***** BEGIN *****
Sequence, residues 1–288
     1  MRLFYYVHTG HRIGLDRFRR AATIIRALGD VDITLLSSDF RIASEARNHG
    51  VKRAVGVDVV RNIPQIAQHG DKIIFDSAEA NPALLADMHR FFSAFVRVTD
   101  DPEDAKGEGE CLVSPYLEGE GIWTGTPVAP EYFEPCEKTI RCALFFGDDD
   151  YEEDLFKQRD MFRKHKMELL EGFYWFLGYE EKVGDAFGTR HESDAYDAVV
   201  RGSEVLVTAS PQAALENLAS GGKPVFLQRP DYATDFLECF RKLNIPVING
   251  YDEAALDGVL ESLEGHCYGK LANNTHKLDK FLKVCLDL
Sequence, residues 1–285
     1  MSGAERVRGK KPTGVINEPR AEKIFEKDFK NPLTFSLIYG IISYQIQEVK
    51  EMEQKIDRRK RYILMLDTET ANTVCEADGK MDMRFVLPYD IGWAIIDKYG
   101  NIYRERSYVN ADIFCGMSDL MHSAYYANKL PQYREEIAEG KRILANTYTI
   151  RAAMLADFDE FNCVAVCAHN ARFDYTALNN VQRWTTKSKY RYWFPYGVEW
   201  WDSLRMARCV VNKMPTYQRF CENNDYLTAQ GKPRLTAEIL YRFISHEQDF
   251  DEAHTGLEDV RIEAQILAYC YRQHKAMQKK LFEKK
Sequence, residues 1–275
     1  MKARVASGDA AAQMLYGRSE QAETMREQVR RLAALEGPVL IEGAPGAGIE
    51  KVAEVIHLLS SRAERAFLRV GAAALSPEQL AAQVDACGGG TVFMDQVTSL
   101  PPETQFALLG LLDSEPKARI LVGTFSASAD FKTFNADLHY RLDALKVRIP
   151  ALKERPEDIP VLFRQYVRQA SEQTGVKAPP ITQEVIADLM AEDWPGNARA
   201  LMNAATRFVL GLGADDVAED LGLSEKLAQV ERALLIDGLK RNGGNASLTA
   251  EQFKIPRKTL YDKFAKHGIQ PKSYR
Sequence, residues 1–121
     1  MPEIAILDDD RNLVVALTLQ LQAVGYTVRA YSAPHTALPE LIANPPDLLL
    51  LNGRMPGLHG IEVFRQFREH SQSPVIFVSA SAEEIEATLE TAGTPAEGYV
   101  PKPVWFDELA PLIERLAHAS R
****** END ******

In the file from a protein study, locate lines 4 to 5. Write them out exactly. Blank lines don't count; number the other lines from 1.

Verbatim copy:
   101  DPEDAKGEGE CLVSPYLEGE GIWTGTPVAP EYFEPCEKTI RCALFFGDDD
   151  YEEDLFKQRD MFRKHKMELL EGFYWFLGYE EKVGDAFGTR HESDAYDAVV